"The bottom line is we want to win," Hocutt said. "Obviously, we've got an offensive identity and brand. But you're only going to be successful as your defensive side of the ball."
Hocutt got a sniff of Wells' ability in 2013. That year, in Wells' first season, Utah State played USC off its feet in a 17-14 loss at the Coliseum. The Trojans linebackers coach that day was Mike Ekeler. He and Hocutt had played together at Kansas State.
"That was one of the more physical, challenging games I've been a part of," Ekeler told Hocutt. "I was jumping around in the locker room excited. People were looking around like we should beat Utah State."
The main message from Ekeler to Hocutt: "You need to keep your eye on this guy."
Because of physicality?
"Is that a word?," Hocutt countered. "This is a physical game that we play and you've got to, regardless of what your offensive identity is, be able to run the ball and stop the run on defense. You do that by being a tough football team. That aligns with Matt Wells.
"We want to be in a position in November. We want to be able to compete for a championship. We want to throw it around, but you can't be one dimensional."
So who is Matt Wells? To a lot of Texas Tech fans, not their first choice.
Dana Holgorsen (a former Leach assistant, now at Houston) was available. Wells is 45 and a Utah State alumnus who endured three straight losing seasons before going 11-2 in 2018.
"I really prayed for roadblocks to give me a reason not to go [to Texas Tech]," he said. "None of them came up. I was very happy. I've got so much sweat equity in Utah State."
Wells' offense was one of the more balanced in college football, running only 15 more times than it threw all season. While balance is what most offensive coordinators crave, the Texas Tech legacy haunts all those who follow Leach and Kingsbury.
Without saying it, Red Raiders fans are saying it: No matter what, you better be entertaining. Wells brought David Yost along as offensive coordinator. Remember him? The budding geniusat Missouri.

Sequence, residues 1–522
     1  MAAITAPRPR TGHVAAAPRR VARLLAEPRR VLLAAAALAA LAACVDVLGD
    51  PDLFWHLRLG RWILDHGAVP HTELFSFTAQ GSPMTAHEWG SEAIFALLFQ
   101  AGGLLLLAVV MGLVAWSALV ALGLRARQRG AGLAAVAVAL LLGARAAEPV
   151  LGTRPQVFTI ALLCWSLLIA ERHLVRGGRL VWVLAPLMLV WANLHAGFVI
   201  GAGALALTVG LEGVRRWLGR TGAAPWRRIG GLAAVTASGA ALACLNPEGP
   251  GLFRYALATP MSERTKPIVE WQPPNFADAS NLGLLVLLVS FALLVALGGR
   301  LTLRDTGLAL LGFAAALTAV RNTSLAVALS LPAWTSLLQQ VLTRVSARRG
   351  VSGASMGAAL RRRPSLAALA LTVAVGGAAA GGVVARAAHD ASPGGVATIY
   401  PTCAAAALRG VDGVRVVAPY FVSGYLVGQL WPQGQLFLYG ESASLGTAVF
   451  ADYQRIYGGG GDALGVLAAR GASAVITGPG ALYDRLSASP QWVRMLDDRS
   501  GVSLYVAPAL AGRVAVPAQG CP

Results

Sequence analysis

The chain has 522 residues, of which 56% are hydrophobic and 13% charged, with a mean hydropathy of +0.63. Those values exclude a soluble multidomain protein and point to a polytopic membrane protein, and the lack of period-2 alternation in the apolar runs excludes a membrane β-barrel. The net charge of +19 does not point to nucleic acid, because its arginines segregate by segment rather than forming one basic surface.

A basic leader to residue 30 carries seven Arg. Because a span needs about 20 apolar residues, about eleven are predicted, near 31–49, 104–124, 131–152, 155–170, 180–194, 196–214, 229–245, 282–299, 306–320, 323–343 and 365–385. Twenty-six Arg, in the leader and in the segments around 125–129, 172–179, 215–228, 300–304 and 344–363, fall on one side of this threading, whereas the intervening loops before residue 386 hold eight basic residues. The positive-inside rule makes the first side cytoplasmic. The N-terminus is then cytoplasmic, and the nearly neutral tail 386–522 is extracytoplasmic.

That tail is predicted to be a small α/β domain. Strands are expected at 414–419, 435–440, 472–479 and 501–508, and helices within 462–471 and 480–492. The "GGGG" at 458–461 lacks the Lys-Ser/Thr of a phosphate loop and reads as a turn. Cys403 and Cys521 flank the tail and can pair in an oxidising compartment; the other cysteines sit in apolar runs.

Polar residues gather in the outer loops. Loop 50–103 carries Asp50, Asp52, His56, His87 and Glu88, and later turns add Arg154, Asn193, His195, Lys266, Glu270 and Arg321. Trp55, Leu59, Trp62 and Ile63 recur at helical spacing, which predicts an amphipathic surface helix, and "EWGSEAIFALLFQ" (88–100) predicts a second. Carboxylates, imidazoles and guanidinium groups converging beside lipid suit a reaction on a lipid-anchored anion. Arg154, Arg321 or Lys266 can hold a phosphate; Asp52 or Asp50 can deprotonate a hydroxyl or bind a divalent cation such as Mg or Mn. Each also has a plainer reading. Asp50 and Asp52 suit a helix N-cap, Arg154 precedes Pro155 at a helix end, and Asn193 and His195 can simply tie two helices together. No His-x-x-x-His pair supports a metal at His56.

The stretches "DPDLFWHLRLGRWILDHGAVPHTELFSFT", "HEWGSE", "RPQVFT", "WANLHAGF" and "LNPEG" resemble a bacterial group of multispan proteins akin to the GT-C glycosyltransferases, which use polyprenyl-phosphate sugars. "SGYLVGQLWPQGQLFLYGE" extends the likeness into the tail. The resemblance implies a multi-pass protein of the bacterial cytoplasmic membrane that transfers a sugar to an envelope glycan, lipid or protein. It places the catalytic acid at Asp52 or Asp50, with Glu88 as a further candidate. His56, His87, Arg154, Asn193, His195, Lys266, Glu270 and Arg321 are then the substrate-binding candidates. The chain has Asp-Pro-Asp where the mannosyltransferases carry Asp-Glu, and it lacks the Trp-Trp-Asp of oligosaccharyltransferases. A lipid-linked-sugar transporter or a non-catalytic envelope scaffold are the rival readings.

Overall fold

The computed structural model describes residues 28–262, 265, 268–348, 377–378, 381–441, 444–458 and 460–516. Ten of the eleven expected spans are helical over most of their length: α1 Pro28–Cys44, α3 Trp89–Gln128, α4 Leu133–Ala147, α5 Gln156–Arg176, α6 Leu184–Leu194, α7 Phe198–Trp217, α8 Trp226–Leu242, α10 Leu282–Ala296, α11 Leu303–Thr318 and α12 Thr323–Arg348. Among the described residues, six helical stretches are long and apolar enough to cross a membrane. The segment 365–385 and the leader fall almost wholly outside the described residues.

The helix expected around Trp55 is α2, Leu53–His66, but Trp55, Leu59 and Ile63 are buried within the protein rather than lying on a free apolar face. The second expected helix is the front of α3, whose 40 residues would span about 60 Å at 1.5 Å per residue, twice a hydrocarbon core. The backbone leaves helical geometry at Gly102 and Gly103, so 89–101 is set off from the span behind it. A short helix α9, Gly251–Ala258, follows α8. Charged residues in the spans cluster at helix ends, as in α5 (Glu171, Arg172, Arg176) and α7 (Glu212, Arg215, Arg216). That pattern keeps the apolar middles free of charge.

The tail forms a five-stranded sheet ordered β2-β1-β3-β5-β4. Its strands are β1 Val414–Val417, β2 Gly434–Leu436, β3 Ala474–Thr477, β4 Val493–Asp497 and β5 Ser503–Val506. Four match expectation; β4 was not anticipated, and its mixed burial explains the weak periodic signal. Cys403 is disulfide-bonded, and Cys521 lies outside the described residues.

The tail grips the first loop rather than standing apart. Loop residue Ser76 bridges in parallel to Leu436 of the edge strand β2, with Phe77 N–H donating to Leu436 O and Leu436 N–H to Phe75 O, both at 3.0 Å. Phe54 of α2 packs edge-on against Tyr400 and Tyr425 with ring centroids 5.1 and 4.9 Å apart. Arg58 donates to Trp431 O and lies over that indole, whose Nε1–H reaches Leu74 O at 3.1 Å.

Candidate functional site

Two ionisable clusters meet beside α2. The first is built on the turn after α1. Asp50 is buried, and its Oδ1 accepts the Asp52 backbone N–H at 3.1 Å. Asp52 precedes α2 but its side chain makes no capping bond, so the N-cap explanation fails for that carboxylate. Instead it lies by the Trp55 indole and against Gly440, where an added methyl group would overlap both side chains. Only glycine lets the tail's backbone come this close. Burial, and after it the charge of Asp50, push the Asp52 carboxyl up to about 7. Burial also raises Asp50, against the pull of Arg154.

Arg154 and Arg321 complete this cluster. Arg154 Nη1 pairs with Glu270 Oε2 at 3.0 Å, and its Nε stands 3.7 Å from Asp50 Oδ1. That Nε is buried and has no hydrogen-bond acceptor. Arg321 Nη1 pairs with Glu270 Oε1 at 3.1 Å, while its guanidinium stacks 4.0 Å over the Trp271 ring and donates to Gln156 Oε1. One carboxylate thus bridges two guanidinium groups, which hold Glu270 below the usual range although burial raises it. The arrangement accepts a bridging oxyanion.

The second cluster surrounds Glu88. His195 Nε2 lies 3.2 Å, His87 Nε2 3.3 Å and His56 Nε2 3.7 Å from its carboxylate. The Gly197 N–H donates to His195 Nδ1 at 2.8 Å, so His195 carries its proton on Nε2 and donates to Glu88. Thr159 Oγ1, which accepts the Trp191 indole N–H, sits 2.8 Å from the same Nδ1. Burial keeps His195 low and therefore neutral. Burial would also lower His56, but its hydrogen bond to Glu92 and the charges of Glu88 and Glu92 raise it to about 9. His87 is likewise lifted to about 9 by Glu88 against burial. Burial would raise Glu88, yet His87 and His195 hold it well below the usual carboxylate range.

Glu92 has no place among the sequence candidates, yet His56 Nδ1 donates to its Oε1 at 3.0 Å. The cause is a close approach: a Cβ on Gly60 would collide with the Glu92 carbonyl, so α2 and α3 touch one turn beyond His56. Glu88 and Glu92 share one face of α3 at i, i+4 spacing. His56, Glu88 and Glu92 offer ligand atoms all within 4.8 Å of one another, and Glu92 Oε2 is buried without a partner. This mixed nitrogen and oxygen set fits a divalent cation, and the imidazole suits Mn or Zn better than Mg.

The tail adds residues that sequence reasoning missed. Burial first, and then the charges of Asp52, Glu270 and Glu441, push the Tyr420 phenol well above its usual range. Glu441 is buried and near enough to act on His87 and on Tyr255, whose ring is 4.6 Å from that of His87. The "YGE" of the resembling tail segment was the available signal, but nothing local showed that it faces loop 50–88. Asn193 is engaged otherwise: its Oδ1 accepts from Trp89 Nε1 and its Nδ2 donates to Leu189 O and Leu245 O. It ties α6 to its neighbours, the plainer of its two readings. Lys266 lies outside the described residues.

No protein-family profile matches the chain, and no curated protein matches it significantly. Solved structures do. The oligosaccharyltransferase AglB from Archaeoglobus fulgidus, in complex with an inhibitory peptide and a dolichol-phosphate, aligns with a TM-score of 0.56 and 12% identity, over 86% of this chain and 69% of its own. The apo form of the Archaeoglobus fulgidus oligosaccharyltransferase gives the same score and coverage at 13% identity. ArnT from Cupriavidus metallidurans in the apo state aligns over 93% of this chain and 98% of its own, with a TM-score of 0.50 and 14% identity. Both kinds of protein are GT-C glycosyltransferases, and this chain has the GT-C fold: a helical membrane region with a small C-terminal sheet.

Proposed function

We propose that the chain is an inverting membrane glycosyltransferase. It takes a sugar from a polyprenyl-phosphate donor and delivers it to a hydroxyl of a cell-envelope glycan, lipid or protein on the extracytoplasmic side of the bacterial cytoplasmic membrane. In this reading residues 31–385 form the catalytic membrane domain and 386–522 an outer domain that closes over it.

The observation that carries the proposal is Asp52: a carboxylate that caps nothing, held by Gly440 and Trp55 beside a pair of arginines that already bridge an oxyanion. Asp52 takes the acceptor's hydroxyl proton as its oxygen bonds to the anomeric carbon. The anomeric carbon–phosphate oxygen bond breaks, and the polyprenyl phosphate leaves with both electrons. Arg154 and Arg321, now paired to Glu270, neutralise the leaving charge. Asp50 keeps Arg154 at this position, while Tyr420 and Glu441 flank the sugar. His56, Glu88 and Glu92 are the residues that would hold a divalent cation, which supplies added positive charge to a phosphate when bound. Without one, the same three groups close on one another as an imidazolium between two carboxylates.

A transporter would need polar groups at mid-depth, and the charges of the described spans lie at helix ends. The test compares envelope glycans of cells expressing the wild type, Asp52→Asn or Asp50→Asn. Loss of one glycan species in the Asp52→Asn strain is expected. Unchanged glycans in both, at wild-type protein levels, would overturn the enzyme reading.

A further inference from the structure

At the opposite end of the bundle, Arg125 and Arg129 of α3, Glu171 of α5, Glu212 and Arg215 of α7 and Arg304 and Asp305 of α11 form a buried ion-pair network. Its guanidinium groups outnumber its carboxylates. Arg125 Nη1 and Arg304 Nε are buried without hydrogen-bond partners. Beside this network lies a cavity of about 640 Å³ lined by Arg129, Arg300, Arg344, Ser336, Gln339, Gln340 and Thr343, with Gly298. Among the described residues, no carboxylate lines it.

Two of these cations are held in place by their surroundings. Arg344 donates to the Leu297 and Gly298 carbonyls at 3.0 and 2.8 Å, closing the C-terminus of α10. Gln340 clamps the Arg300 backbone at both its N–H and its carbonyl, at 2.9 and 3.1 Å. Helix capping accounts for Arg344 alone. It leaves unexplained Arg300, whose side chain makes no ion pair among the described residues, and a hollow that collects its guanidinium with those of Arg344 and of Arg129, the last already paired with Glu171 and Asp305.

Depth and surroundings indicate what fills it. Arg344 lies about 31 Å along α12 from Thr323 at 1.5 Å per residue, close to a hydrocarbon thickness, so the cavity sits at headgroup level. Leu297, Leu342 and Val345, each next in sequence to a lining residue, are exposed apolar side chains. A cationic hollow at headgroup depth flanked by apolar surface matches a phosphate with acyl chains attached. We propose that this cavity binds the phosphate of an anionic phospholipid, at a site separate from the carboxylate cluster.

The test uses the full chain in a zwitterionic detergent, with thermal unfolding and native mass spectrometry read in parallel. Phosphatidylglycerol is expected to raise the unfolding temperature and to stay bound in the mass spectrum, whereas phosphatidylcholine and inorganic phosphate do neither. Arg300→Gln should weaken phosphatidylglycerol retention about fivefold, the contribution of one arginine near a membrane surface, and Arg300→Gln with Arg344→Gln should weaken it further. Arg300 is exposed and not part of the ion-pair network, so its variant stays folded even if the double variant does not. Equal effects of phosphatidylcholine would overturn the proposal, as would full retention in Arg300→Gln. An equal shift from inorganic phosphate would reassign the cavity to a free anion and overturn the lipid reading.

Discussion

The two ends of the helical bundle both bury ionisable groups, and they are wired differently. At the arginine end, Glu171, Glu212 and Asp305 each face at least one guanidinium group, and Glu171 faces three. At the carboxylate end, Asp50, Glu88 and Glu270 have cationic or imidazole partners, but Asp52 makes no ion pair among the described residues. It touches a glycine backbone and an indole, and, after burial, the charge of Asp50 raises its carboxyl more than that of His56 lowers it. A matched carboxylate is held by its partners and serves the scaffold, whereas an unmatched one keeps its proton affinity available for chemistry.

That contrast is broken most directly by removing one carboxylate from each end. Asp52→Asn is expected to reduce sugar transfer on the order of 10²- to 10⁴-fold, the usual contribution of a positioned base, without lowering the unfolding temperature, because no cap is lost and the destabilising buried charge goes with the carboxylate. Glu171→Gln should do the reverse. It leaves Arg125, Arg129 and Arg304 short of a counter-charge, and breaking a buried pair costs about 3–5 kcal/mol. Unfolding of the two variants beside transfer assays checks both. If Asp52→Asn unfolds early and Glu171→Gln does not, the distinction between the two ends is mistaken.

Wells took him on as offensive coordinator in 2017. Last season, Yost was a Broyles Award (best assistant coach) semifinalist. Utah State finished third in scoring.
Yost is 49, looks 29 and inherits quarterback Alan Bowman, who threw for 2,600 yards and 17 touchdowns in only seven starts.
The message of the Wells' makeover has more than been sent.
"We're not running perimeter stuff," Wells said. "Very rarely do we call a quarterback read. It's, 'Here is goes right now with a tight end and a running back and let's go.'"
Sitting on a patio outside the Hilton in April, Wells considered what would happen if basketball actually won that championship. They didn't, of course, but Wells saw a glimpse of what could be in football.
Chris Beard's Red Raiders strangled the country finishing third nationally in scoring defense. Beard laid down his own version of physicality in becoming national coach of the year before Wells could get the compliments out of his mouth.
"People don't understand more how they resemble a football team than they do a basketball team," Well said.
"They've done it by defense. They've done it by chemistry. They're intense, I'll tell you that."
A football crossover of sorts awaits in Lubbock.